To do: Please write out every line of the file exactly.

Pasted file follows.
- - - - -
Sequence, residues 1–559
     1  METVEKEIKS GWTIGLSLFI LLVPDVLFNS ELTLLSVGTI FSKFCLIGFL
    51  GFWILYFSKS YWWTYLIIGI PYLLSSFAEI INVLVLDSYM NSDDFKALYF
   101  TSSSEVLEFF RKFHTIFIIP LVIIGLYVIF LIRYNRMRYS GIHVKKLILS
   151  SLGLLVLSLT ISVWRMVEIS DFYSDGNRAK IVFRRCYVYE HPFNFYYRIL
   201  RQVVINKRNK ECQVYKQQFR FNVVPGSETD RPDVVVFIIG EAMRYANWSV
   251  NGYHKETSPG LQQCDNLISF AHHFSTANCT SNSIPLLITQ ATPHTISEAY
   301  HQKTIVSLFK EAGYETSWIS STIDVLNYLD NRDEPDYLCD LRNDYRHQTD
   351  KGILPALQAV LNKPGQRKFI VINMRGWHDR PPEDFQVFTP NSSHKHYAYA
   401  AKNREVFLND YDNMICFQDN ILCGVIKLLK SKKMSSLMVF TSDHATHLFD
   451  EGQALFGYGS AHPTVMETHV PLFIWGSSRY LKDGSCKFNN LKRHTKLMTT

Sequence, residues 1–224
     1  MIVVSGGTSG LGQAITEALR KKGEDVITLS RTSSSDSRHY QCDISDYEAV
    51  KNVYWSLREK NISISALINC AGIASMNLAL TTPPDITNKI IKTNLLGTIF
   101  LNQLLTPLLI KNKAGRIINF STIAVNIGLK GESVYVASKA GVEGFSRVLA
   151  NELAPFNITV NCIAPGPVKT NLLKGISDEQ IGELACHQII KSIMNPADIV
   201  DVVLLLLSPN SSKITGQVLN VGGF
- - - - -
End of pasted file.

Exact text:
Sequence, residues 1–559
     1  METVEKEIKS GWTIGLSLFI LLVPDVLFNS ELTLLSVGTI FSKFCLIGFL
    51  GFWILYFSKS YWWTYLIIGI PYLLSSFAEI INVLVLDSYM NSDDFKALYF
   101  TSSSEVLEFF RKFHTIFIIP LVIIGLYVIF LIRYNRMRYS GIHVKKLILS
   151  SLGLLVLSLT ISVWRMVEIS DFYSDGNRAK IVFRRCYVYE HPFNFYYRIL
   201  RQVVINKRNK ECQVYKQQFR FNVVPGSETD RPDVVVFIIG EAMRYANWSV
   251  NGYHKETSPG LQQCDNLISF AHHFSTANCT SNSIPLLITQ ATPHTISEAY
   301  HQKTIVSLFK EAGYETSWIS STIDVLNYLD NRDEPDYLCD LRNDYRHQTD
   351  KGILPALQAV LNKPGQRKFI VINMRGWHDR PPEDFQVFTP NSSHKHYAYA
   401  AKNREVFLND YDNMICFQDN ILCGVIKLLK SKKMSSLMVF TSDHATHLFD
   451  EGQALFGYGS AHPTVMETHV PLFIWGSSRY LKDGSCKFNN LKRHTKLMTT

Sequence, residues 1–224
     1  MIVVSGGTSG LGQAITEALR KKGEDVITLS RTSSSDSRHY QCDISDYEAV
    51  KNVYWSLREK NISISALINC AGIASMNLAL TTPPDITNKI IKTNLLGTIF
   101  LNQLLTPLLI KNKAGRIINF STIAVNIGLK GESVYVASKA GVEGFSRVLA
   151  NELAPFNITV NCIAPGPVKT NLLKGISDEQ IGELACHQII KSIMNPADIV
   201  DVVLLLLSPN SSKITGQVLN VGGF